The obvious question is, why did it take so long?
PETER GELB: Well, that's a very good question. Part of it also is opportunities for composers and
for African-Americans in this art form have been limited.
One of the things that we need to create are greater pathways and
pipelines of talent, so that we can actually give opportunities to composers.
JEFFREY BROWN: Gelb points to new commissions and upcoming productions by Black composers,
as well as other programs designed to diversify backstage leadership roles.
PETER GELB: There's no question The Met was slow in terms of bringing works by
African-American composers to the theater. But we're not going to be slow going forward.
For her part, co-director Camille A. Brown told us she's pained it remains an issue in 2021.
CAMILLE A. BROWN: As I am in this position, I know that it's just not about me. It's not about
the opportunity that I'm given. It's about Katherine Dunham. It's about
Carmen de Lavallade. It's about Marlies Yearby and Dianne McIntyre and
all of those Black women that came before me and struggled and paved the way for me.
And I feel like it's a responsibility to show up, not just for myself, but for my community.
JEFFREY BROWN: Composer Terence Blanchard had a similar response to his history-making turn.
TERENCE BLANCHARD: I was shocked. I didn't know. Yes,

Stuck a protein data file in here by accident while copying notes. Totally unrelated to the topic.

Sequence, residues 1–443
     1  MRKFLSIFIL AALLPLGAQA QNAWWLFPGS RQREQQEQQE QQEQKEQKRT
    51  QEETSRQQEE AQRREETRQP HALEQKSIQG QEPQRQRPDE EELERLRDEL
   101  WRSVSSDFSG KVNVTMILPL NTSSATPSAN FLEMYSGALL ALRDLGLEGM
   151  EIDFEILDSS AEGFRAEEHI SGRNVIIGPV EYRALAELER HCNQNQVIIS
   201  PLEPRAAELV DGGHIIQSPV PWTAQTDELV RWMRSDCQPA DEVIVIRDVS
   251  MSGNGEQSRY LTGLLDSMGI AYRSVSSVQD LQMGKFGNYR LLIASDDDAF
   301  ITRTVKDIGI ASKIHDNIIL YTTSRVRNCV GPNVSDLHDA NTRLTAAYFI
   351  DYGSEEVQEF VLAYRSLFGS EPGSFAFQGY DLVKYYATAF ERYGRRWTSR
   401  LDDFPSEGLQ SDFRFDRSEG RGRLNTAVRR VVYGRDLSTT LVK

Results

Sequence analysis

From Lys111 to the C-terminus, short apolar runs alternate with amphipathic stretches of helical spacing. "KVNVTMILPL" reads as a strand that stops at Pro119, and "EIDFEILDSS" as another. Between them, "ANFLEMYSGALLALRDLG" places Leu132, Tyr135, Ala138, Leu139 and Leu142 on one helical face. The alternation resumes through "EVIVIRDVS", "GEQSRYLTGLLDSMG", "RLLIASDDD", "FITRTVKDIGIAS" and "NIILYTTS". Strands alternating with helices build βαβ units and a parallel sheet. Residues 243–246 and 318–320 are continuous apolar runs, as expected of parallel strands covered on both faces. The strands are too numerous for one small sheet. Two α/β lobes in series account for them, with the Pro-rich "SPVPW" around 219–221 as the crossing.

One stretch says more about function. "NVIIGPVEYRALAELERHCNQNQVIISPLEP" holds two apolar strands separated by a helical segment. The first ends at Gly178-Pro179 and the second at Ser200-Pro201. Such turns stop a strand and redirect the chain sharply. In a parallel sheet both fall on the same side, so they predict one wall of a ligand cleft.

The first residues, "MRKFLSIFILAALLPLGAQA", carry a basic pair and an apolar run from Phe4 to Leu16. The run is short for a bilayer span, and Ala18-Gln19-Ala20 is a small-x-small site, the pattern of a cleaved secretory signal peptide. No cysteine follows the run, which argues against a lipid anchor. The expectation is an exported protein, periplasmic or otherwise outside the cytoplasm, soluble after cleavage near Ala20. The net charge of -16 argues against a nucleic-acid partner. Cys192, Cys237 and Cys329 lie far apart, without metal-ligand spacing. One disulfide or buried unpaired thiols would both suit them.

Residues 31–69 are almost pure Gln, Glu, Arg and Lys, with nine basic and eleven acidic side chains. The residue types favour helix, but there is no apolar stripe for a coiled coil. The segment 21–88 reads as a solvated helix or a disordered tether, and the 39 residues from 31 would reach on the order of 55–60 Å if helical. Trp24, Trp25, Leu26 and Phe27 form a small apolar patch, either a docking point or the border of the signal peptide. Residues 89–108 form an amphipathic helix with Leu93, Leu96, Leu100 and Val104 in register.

it seemed a little crazy to me. I was totally caught off-guard by it.
And my next thought was, well, I'm not the first qualified. And the thing that I have
been saying about my opera being here - - and it still feels weird to say that.
JEFFREY BROWN: It feels weird to say "my opera"
TERENCE BLANCHARD: Yes, it does. I mean, it still does.
JEFFREY BROWN: You got to get used to it.
TERENCE BLANCHARD: I know. Everybody keeps telling me that. Maybe in time.
But I think the thing that feels weird about it is how I really don't want this to be a token. I want
it to be a turnkey. You know, this -- I may be the first, but I sure don't want to be the last.
JEFFREY BROWN: An onstage story of personal trauma, a bigger story of an art form and
one of its leading institutions going forward. To that end, The Met is simulcasting opening
night in Times Square and, for the first time, in Marcus Garvey Park in Harlem.
For the "PBS NewsHour," I'm Jeffrey Brown at The Metropolitan Opera in New York.
JUDY WOODRUFF: So exciting, and it's about time.